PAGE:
The IRS: An Agency in CrisisJune 28, 2013
The IRS is an agency in crisis.
First, the revelation that the IRS improperly targeted groups applying for tax-exempt status. Next, reports of millions of taxpayer dollars wasted on lavish employee conferences. Last week, the American people learned the IRS plans to spend millions of dollars for employee bonuses.
Despite the number of problems plaguing it, the IRS is trying to convince the American people that failures within the agency are isolated incidents.
Trust is at the heart of the partnership between the government and its people. One of the reasons why the American people are so skeptical of their government is because they believe government plays by a different sent of rules. That bureaucrats in Washington spend more time looking out for their friends and less time protecting the interests of the American people. Unfortunately, at the IRS, we learned this week that this mentality allowed a company named Strong Castle to be awarded contracts worth nearly $500 million.
The House Committee on Oversight and Government Reform released documents and testimony this week that exposed breakdowns within the IRS that allowed Strong Castle to profit at the expense of the American people including:
- Hundreds of text messages revealing an inappropriate relationship between Strong Castle’s President and CEO Braulio Castillo and the IRS Deputy Director for Information Technology Acquisition Greg Roseman – the content of some of those messages was shockingly inappropriate and offensive;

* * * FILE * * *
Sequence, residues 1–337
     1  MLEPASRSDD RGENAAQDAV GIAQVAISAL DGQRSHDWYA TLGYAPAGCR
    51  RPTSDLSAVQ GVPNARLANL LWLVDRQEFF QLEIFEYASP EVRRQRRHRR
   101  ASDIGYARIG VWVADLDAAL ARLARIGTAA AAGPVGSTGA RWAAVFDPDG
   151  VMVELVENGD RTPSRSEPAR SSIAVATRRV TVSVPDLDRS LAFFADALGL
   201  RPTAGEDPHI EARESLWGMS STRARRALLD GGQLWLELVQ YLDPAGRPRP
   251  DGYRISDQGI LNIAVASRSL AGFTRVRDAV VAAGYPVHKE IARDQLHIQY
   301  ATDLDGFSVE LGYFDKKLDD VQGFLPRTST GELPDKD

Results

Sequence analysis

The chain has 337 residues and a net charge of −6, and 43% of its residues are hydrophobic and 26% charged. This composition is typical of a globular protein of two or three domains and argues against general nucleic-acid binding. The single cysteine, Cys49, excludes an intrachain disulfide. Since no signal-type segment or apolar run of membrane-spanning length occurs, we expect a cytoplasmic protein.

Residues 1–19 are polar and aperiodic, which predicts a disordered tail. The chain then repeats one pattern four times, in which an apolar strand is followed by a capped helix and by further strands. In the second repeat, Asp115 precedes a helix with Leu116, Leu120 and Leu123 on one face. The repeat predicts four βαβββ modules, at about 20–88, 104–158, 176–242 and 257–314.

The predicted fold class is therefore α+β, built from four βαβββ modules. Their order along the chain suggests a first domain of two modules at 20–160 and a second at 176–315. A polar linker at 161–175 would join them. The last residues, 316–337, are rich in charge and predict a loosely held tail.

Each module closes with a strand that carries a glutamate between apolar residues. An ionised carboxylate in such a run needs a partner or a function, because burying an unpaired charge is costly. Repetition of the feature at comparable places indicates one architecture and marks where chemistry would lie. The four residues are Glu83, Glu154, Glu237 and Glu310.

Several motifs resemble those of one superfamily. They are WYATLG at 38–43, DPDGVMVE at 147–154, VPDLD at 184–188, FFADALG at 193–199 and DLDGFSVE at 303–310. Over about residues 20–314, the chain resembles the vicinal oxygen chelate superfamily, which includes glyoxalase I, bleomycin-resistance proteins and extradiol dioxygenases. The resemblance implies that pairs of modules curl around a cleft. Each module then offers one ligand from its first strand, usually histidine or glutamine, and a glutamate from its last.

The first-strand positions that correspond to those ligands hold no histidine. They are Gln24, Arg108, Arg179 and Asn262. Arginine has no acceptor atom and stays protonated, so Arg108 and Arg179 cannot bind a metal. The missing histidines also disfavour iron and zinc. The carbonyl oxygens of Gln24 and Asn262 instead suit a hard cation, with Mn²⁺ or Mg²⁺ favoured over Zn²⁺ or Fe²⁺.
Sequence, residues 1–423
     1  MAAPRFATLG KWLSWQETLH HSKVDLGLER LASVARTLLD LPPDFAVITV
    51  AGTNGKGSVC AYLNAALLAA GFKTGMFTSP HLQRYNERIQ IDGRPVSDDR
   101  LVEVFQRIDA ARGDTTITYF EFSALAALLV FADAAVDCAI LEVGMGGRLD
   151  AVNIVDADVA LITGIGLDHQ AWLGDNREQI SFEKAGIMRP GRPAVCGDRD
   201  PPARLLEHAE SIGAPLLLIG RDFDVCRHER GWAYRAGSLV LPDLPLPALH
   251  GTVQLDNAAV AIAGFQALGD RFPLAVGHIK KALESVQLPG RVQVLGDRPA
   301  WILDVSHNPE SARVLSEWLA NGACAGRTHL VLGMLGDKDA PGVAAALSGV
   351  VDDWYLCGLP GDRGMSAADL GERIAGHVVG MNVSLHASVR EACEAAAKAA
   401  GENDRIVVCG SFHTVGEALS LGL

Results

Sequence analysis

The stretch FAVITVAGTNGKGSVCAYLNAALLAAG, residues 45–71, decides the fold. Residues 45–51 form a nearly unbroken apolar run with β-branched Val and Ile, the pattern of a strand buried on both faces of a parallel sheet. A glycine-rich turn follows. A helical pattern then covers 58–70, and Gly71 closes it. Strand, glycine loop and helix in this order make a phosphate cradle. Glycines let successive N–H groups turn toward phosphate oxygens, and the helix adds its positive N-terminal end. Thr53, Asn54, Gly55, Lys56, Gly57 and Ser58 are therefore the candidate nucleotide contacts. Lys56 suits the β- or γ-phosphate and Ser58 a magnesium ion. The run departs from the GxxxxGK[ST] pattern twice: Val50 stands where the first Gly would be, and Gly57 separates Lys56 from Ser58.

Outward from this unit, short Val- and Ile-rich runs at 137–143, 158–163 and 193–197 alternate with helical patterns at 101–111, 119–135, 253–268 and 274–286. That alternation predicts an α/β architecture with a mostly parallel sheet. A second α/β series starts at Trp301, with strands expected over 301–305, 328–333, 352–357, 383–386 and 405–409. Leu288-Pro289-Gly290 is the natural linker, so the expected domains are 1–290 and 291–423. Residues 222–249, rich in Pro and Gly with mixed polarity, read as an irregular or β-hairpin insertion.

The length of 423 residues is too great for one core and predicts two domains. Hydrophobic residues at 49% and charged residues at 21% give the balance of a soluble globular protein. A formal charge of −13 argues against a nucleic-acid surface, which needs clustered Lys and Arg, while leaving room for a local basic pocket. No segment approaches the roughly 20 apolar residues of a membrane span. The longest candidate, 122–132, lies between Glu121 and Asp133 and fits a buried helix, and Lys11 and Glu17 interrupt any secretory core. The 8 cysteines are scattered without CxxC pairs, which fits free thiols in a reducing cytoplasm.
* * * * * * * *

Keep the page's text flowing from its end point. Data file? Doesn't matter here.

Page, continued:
- Castillo making an audacious claim to apply for disabled veteran status to inappropriately achieve preferential treatment for his business;
- Strong Castle receiving $500 million in contracts in just six months despite never having won a government contract before;
- Strong Castle would later become decertified by the Small Business Administration for providing inaccurate, unreliable and misleading information; and,
- Despite a promise to the Committee by the Director of IT Procurement that he would “immediately cancel the award” – the IRS is still allowing a $266 million contract with Strong Castle to stand.
When pressed this week for answers that the American people deserve, yet another IRS employee pled protection under the Fifth Amendment to avoid answering questions about how this contract was awarded and the true nature of the relationship between the agency and Strong Castle.
I will continue to work to highlight and seek to end this culture of waste, fraud and mismanagement deeply rooted in the IRS.
To read the full Committee report on Strong Castle’s contract abuses, please click here.